Article: Autism and Meta Analysis
Autism and Meta Analysis
submitted by Lisa Goldy, graduate student at the University of Utah
Autism is one of a group of developmental disorders known as Autism Spectrum Disorders (ASDs). Diagnostic impressions typically include delays in language development, delays in understanding social relationships, inconsistent patterns of sensory response, uneven patterns of cognitive functioning and marked restriction of activities and interests (American Psychiatric Association, 2001). According to the CDC (2007), the average prevalence for ASDs in the United States is currently one in every 150 children. “While the cause remains a mystery, most specialists now view autism as a brain disorder that makes it difficult for the person to process and respond to the world” (NIDCD, 2002, p.1). Although the knowledge regarding this disorder is increasing, there is no known cure for autism. There are, however, recommendations for effective treatment for children with autism as outlined by The National Research Council (2001). The committee found that, “Functional, spontaneous communication should be the primary focus of early education.”
Autism and Language
Language, or more specifically functional communication, allows individuals to get their needs met, to express themselves and to understand and respond to others. Language acquisition is developmental in nature; therefore, gains are anticipated over time. Being that autism is a developmental disorder, children’s skill acquisition does not mirror that of children with typical development. It has been estimated that 50% of all individuals diagnosed with autism will remain nonverbal (Prizant, 1983). Although there is a plethora of research regarding various teaching techniques, interventions and the ever-so-promising “cure” for autism, this information is not readily available for interpretation by service providers, caregivers or educators. As a graduate student in school psychology, the need to consolidate the outcomes found in such a large and diverse body of literature became apparent.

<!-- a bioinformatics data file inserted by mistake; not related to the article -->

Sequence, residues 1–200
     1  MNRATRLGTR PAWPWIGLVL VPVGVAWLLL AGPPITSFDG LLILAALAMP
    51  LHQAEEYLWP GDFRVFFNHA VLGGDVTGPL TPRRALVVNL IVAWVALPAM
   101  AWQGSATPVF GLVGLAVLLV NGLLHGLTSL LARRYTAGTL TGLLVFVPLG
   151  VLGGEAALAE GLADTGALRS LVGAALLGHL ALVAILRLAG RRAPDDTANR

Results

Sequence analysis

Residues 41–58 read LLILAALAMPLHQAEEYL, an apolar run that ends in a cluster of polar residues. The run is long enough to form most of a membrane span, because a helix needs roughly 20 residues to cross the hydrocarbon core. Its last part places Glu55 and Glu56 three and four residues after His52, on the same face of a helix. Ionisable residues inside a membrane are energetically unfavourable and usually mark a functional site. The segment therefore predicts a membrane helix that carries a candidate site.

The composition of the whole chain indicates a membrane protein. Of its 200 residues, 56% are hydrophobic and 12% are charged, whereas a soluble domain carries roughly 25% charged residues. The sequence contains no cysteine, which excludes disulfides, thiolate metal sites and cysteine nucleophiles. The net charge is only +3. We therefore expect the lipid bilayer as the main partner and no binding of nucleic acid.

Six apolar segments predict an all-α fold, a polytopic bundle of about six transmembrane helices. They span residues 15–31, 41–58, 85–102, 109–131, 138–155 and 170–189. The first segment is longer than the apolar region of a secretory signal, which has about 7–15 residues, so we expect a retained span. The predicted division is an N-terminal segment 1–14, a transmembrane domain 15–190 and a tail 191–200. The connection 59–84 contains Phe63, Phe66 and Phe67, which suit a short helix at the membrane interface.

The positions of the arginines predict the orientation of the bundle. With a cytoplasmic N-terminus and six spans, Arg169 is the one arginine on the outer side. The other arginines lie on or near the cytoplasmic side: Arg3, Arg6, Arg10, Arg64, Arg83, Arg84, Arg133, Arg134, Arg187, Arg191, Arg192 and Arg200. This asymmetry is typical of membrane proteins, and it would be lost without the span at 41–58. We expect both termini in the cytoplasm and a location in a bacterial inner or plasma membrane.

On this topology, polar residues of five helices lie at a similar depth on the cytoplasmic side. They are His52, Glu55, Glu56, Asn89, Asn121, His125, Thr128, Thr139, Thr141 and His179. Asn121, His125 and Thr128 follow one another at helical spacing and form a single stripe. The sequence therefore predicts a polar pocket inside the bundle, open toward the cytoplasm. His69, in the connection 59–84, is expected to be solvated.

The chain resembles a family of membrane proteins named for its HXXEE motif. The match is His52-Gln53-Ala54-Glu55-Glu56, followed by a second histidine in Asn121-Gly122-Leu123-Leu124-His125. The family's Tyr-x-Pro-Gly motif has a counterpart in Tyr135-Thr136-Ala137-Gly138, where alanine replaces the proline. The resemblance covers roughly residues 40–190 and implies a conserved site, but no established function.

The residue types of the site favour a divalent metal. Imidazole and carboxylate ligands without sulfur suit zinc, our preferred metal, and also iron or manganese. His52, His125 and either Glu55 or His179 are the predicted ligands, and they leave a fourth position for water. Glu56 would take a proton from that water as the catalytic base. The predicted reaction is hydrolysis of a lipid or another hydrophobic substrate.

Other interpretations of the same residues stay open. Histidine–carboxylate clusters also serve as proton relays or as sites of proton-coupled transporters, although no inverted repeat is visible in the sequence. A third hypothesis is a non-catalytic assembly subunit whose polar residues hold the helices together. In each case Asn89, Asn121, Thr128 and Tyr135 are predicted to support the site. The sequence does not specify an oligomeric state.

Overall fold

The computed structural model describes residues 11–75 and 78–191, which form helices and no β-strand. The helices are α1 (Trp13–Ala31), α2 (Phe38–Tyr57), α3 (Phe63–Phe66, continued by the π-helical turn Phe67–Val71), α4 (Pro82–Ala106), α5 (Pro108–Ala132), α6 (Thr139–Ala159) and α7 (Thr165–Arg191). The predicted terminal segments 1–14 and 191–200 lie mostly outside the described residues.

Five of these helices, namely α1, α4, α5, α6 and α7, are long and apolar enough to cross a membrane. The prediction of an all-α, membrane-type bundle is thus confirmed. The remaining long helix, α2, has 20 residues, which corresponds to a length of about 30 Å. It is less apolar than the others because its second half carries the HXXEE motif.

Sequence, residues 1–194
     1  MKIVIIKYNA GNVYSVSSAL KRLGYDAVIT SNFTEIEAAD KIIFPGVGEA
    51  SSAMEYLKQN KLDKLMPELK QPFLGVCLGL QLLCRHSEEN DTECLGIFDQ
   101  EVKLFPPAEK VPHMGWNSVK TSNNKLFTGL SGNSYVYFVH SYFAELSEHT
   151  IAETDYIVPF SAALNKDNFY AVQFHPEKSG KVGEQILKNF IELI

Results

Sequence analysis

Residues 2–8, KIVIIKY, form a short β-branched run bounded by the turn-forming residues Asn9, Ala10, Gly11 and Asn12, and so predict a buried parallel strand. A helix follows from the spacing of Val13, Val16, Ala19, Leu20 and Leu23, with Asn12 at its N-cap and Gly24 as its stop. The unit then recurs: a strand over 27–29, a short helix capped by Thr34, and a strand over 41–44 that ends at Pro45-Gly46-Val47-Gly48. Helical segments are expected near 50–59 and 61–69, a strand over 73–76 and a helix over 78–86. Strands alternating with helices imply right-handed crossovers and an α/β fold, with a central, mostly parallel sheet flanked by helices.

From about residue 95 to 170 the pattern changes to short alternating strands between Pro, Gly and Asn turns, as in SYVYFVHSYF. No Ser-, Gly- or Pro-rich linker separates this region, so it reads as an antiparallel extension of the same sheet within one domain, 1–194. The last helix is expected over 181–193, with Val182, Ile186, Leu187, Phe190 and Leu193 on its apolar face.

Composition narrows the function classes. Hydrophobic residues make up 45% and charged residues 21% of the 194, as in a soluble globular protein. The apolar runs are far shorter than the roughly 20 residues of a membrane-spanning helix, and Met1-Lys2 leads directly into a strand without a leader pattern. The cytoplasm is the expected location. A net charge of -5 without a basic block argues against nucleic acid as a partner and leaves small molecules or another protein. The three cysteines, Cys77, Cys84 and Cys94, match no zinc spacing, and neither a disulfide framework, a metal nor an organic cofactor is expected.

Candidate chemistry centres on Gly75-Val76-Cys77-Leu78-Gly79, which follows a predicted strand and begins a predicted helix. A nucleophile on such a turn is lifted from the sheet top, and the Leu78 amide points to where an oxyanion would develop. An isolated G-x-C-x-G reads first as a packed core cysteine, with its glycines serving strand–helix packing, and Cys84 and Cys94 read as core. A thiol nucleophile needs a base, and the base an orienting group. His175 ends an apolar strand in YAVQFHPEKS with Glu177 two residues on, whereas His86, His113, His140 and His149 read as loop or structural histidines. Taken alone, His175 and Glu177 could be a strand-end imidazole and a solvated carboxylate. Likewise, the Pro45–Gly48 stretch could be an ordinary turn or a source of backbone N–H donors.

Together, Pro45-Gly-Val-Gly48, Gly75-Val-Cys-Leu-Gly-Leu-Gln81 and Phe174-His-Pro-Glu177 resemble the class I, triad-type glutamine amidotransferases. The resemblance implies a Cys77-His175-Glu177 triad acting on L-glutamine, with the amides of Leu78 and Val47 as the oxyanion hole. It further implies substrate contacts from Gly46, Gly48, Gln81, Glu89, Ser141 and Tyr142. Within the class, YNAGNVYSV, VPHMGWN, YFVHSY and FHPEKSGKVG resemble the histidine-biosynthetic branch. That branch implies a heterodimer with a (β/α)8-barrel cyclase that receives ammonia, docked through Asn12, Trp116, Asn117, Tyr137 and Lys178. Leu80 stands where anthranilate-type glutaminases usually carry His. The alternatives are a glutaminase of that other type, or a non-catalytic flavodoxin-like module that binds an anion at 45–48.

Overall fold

The goal of consolidating and analyzing the available research is that effective interventions may be identified which can help lead to better practices. Parents, teachers, clinicians and care providers, in addition to individuals with autism, stand to benefit from systematic evaluations of the treatment modalities available for increasing functional communication skills in children with autism. The results of this researcher’s meta-analysis affirm that total communication, combining sign language with speech, is a highly effective strategy for increasing functional communication skills in children and young adults with autism. In fact, individuals who received total communication interventions experienced larger treatment gains than individuals who received other interventions. Children classified as nonverbal at the commencement of an intervention ultimately made the most significant treatment gains as measured by mean effect size (a common metric which allows for comparison among treatment interventions). This should provide hope for individuals working with children with autism, being that nonverbal children do have the capacity to develop some functional communication skills in the form of sign language. Additionally, children with autism and moderate mental retardation have the ability to acquire sign language.
Practical Implications and Public Policy
First and foremost, regardless of personal preference, it is critical that practitioners understand that most children with autism benefit from total communication interventions. Sign language, or gesture, enhances language acquisition; and, although most parents and teachers ideally want speech for their children and students with autism, Capone and McGregor (2004) state, “Clinicians should keep in mind that gesture provides children a means of communicating when the spoken modality is not fully developed” (p183). Resources such as Signing Time are invaluable for families of individuals with autism. Unfortunately, not all practitioners are versed in American Sign Language (ASL), thus preventing the ability to communicate with individuals receiving sign instruction. As a matter of public policy, university special education programs should require at least minimal competence in sign language from both undergraduate and graduate students.
American Psychiatric Association. (2001). Diagnostic and statistical manual of mental disorders-4th edition-Text Revision. Washington, DC: American Psychiatric Association.
Capone, N.C. & McGregor, K.K. (2004). Gesture development: A review for clinical and research practices. Journal of Speech, Language and Hearing Research, 47, 1, 173-186.
Centers for Disease Control and Prevention (CDC). Autism Information Center. [cited Feb 2007]. Available at: http://www.cdc.gov/ncbddd/autism/faq_prevalence.htm.
National Institute on Deafness and Other Communication Disorders. (2002). Communication in Autism (NIH Pub. No. 99-4315). Retrieved November 27, 2002, from NIDCD Health Information . Autism Online Access: http//www.nidcd.nih.gov/health/pubs_vsl/autism.html
National Research Council (2001) Educating Children with Autism. Committee on Educational Interventions for Children with Autism. C Lord and JP McGee, eds. Division of Behavioral and Social Sciences and Education. Washington, DC: National Academy Press.
Prizant, B.M. (1983). Language acquisition and communicative behavior in children with autism: Toward an understanding of the whole of it. Journal of Speech and Hearing Disorders, 48, 296-307.
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